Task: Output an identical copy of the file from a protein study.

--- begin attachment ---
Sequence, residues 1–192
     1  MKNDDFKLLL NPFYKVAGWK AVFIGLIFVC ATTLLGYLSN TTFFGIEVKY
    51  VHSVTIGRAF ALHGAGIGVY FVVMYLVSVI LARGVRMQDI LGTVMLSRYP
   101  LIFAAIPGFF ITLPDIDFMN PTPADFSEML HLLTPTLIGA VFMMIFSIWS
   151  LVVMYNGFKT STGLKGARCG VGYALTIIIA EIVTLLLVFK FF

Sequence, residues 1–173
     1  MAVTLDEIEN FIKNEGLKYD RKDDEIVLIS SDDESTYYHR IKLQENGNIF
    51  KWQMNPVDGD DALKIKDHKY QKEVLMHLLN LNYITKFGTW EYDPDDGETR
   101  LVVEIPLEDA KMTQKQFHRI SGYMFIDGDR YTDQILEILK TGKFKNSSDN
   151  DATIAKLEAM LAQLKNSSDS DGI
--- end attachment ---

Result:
Sequence, residues 1–192
     1  MKNDDFKLLL NPFYKVAGWK AVFIGLIFVC ATTLLGYLSN TTFFGIEVKY
    51  VHSVTIGRAF ALHGAGIGVY FVVMYLVSVI LARGVRMQDI LGTVMLSRYP
   101  LIFAAIPGFF ITLPDIDFMN PTPADFSEML HLLTPTLIGA VFMMIFSIWS
   151  LVVMYNGFKT STGLKGARCG VGYALTIIIA EIVTLLLVFK FF

Sequence, residues 1–173
     1  MAVTLDEIEN FIKNEGLKYD RKDDEIVLIS SDDESTYYHR IKLQENGNIF
    51  KWQMNPVDGD DALKIKDHKY QKEVLMHLLN LNYITKFGTW EYDPDDGETR
   101  LVVEIPLEDA KMTQKQFHRI SGYMFIDGDR YTDQILEILK TGKFKNSSDN
   151  DATIAKLEAM LAQLKNSSDS DGI